The river is high, the estuary is flooded, and the irises are blooming.
My friend Brian bought a kayak from a friend’s estate a few weeks ago. Knowing that I had some experience paddling in the Wenatchee River and — possibly more importantly — I had a truck to haul the kayaks, he suggested that we go for a paddle. When I heard his daughter was in town for the weekend, I offered her my second kayak (yes, I have two; long story) so she could come with us.
We put in at Walla Walla Point Park, near the swimming lagoon. I knew from experience that the river’s swift current — it’s currently at a low flood stage — would make it nearly impossible to paddle out the lagoon entrance (A on the satellite image) and upriver past the sheltering arm of land. So I recommended that we launch from just upriver from the park’s little bridge (B). It was a bit of hike from the parking lot, but we each handled our own kayaks and did fine.
I let them launch first. They stayed near the launch point, holding onto tree branches until I was in the water with Penny. Then we began paddling up the shoreline toward the estuary (C) at the mouth of the Wenatchee River.
It was difficult at first. I clocked the river’s current at about 5-1/2 miles per hour the other day. But once we got moving, it became easier. And some place near the shoreline had less current, making it an easy paddle.
Brian had trouble, though. His kayak is designed for white water. It’s short and has a completely smooth bottom. Each paddling stroke pushed the kayak’s nose hard in one direction. As a result, he wiggled his way along, having a heck of a time moving in anything resembling a straight line.
Brian’s daughter, Kathleen, did much better. In fact, she kind of surprised me — she’s a quiet girl and I wasn’t sure how outdoorsy she was. Maybe it’s the kayak, though. My two Costco specials are pretty easy to use.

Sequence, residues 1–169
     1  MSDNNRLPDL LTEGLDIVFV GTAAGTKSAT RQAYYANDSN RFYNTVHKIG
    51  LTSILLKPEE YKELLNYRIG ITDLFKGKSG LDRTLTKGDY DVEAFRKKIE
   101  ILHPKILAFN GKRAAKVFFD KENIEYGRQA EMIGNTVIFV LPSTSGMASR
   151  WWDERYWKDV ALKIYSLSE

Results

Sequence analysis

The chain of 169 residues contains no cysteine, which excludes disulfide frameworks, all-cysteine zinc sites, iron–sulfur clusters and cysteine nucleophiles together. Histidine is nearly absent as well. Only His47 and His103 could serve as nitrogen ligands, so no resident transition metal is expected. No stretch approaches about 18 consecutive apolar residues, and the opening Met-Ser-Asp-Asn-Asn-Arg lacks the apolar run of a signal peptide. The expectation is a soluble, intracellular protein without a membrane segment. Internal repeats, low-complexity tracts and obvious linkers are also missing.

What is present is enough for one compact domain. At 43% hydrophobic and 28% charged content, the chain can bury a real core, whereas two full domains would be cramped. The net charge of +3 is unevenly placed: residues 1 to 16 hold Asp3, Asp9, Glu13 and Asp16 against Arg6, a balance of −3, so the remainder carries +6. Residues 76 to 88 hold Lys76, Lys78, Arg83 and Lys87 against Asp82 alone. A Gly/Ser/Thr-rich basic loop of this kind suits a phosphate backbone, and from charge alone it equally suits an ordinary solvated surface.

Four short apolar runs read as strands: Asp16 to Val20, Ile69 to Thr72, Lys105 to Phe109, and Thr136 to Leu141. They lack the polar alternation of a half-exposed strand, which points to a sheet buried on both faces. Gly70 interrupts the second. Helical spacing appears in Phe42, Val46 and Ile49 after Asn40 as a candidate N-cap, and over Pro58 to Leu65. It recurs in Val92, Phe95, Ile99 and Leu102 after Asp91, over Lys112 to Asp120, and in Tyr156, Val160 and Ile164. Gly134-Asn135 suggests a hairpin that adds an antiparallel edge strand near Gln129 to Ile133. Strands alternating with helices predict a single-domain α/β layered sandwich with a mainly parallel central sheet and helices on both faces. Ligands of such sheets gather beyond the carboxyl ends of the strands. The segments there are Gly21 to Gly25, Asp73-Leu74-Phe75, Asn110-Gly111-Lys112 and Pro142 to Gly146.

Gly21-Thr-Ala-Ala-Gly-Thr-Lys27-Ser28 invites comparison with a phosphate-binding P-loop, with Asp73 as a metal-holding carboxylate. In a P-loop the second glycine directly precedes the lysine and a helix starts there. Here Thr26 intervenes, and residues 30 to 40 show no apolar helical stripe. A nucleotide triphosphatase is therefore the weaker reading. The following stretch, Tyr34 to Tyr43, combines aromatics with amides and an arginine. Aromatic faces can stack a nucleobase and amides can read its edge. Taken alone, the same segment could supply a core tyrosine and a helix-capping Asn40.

We entered the mouth of the estuary at the southmost point. The satellite image is a pretty good representation of the area, although it might show the water level even higher than what we experienced on Saturday. The last time I’d been in there for a paddle, late last summer, the water level had been much lower and there were fewer channels that I could paddle through. This time there were multiple channels and a pretty decent current.
At one point, Brian’s kayak rammed into mine and poor Penny, who’d been sitting on the bow, fell into the water. She wasn’t wearing her life jacket yet, but she was secured with her leash and I reeled her in. I put her life jacket on more to warm her up than to keep her safe.
More than once, we found side channels to get us out of the main current. Once, the channel met back up with the one we’d been in after a nice, leisurely paddle through a shady area. Another time, the channel dead-ended in tall grasses that were difficult to turn around in. No worries, though. It was a beautiful day — perfect for exploring.
We eventually reached the Wenatchee River confluence. The Wenatchee was running hard. I wanted to cross it to continue padding in the estuary on the other side (D on the satellite image above) and even got a start, but the current was sweeping me out into the Columbia and it looked like it would be a tough crossing. So before the others started off behind me, I returned. We took a different one of the estuary’s channels back downriver, exploring more side channels on the way.
We were nearly back to the south end of the estuary when I began to see irises — thousands of them — coming up through the floodwaters and blooming along the shoreline. The calm water reflected the bright yellow blooms. For a while, everywhere we turned were irises among the trees. I must have taken a dozen photos, trying hard to capture that reflection in the water. I want to return a little later in the year and see if I can snag a few of the bulbs for my garden. I just hope they don’t need to be flooded to grow.
We left the estuary and began paddling back. It was easy, moving along with the current. Instead of pulling out where we’d started, we went around to the mouth of the lagoon (A on the satellite image above). There was some fast water along the way. We passed a man in a beautiful, long sea kayak headed upriver. He told me he was surprised that Penny didn’t jump out to chase the geese.
Once in the lagoon, we paddled to shore, close to the swimming area. I climbed out onto land, feeling pleasantly tired.
It had been a nice day out. I’m hoping to paddle on Friday with another friend; maybe there will be something new to report.